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Just finished The Letter by Kathyrn Hughes. It’s a very intricate tale. At first it’s about Tina, a battered wife [at which point I paused and wondered if I wanted to read any further, but I’m glad I did]. She tries to get the courage to leave her husband. Then enters the letter she finds in a suit pocket in the thrift shop where she volunteers. It’s old – sealed and stamped, but never mailed. Then you learn about Crissie, decades earlier, a young pregnant girl who is sent off to Ireland to a distant relative by her father, then to a rigid (meaning horrible) convent [the book takes place mostly in Manchester, England and in rural Ireland]. The letter is addressed to her. Jump forward decades and William, the adopted child Crissie gave up, tries to find his birth mother. William meets Tina in Ireland [a serendipitous moment] as she’s trying to find the woman to whom the letter is addressed. This book is the #2 best seller on Amazon at the moment. It’s a riveting tale and I really enjoyed it.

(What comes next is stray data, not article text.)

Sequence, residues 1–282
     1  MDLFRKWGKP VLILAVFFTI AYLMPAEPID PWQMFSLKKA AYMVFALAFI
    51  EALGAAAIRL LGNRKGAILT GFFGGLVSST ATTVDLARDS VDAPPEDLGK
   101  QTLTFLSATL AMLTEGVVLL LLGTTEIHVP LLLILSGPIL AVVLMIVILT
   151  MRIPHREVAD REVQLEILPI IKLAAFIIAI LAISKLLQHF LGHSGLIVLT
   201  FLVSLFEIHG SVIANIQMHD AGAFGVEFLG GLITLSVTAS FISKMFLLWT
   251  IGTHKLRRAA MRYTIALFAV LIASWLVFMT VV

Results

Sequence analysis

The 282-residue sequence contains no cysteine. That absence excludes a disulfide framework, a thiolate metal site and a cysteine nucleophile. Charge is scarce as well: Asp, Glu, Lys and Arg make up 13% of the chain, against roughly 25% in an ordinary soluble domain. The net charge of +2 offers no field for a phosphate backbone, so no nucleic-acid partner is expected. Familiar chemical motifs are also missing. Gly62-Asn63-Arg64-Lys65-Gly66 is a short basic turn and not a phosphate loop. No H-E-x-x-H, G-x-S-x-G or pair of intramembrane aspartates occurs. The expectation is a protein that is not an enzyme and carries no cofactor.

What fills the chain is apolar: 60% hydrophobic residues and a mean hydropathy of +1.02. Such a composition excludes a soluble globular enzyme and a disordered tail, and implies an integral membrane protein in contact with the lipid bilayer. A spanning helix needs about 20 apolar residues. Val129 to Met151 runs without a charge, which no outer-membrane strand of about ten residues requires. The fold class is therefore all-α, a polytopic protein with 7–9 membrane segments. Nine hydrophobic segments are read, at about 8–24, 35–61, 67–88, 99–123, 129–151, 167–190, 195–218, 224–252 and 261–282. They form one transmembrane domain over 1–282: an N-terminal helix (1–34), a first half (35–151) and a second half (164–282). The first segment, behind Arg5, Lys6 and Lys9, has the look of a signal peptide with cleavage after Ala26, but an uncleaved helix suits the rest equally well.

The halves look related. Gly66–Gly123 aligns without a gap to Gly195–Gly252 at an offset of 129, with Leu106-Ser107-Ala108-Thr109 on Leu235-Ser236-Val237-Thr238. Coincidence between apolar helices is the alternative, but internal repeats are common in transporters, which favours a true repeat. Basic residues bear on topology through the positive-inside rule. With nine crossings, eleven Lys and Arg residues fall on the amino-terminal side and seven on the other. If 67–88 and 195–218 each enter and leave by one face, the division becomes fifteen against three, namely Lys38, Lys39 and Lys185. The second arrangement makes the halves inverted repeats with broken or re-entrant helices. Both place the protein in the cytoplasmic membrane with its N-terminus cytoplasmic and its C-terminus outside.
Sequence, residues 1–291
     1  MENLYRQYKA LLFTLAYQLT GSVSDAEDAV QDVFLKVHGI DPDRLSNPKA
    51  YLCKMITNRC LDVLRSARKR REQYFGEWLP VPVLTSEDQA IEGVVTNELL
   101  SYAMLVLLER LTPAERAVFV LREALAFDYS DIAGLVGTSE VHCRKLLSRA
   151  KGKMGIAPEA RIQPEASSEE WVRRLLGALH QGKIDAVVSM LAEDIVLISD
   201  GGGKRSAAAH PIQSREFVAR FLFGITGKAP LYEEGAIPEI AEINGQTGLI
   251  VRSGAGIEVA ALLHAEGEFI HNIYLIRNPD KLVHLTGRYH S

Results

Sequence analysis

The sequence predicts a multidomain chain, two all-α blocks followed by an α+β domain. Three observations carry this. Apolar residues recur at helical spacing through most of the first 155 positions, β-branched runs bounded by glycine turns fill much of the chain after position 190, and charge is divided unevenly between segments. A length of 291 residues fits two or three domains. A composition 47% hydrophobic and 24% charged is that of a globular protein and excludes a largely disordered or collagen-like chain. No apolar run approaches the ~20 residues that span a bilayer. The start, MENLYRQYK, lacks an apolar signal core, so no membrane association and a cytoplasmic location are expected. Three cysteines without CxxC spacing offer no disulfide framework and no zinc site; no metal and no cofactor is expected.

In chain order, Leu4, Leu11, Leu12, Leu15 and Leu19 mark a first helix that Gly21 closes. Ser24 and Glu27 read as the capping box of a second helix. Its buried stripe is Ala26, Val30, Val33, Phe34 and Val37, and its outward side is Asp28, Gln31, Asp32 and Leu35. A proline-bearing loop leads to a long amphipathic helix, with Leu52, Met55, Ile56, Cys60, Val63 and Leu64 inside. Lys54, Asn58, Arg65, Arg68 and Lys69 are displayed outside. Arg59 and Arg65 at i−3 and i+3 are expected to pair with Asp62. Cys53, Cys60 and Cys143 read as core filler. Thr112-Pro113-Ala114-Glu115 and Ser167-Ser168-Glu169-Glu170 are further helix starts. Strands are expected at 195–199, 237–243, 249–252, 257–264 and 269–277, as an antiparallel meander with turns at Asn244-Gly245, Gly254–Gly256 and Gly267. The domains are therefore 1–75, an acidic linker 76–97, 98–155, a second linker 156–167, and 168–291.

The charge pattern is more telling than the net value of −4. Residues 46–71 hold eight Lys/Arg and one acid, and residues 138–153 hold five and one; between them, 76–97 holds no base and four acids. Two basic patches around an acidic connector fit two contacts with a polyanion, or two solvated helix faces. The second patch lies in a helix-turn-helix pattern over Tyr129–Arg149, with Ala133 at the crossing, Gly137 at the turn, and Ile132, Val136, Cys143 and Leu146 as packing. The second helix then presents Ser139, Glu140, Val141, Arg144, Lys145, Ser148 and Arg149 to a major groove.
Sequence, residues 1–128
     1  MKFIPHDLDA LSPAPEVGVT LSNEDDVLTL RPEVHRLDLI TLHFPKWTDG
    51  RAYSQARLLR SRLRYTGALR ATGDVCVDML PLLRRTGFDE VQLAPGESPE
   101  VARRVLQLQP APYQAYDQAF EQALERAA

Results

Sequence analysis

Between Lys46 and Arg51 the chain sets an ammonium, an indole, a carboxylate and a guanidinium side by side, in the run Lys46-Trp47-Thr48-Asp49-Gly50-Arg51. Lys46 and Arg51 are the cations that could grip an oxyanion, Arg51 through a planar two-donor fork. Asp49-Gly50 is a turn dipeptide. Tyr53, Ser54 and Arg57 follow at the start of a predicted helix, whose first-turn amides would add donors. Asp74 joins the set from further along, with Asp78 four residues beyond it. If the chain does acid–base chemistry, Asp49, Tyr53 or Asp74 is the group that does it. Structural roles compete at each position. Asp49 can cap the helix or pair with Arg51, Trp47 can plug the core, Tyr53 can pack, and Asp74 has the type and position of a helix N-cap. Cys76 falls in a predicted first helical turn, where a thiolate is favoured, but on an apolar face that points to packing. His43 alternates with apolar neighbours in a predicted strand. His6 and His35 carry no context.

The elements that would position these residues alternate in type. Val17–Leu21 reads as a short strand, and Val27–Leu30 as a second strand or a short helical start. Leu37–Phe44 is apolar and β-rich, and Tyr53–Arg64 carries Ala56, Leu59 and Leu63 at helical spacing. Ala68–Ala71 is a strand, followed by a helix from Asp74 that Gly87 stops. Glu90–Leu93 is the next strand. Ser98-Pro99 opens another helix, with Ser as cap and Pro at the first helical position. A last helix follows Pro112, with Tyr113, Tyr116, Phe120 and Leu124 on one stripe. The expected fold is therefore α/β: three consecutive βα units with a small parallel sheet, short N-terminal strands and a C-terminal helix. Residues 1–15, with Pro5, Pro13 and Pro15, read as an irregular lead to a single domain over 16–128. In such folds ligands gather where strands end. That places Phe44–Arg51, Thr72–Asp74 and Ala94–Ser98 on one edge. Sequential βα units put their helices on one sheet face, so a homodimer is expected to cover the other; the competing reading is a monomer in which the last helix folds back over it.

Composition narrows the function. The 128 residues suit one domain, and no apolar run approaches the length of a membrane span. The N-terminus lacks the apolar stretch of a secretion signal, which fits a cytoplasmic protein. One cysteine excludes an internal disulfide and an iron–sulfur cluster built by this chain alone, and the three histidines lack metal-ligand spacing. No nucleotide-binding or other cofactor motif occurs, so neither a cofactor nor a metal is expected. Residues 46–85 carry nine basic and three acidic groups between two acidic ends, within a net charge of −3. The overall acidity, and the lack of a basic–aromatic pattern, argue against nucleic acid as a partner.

Read Grace Unshakled, by Irene Huising. From Amazon’s page, it says: “In the year 2025, 17-year-old Grace Duncan finds herself in shackles because of her faith in Christ. An obedient daughter and stellar student, doing time in jail was never on her mental radar, despite the changes in religious laws [this takes place here in the United States] over the past few years. Through twists and turns in circumstances, Grace and a small band of Christians in Newport Beach, California begin a journey to discover what it means to follow Christ with unwavering faith in the midst of increasing persecution. Facing the potential loss of all her hopes and dreams, would Christ be enough?” We read this for one of my book clubs, and it’s a scary thought about what it could mean if we take God out of our country. The author is a friend of a friend and she attended our book club meeting to share about how she came to write this book. I don’t often share my faith here on my website, but this book made me stop and think about the direction our government is going, removing more and more our ability to worship God. Or to worship in any religion. Will this book ever make waves in the book world? Probably not. My copy may be a pre-edited version, as it contained numerous typos and formatting errors. But they didn’t detract from the subject, just the cosmetics. The book doesn’t come to a resolution; in fact it leaves you hanging, as some books do. It was intentional (obviously), but left me wondering about the “end of the story.”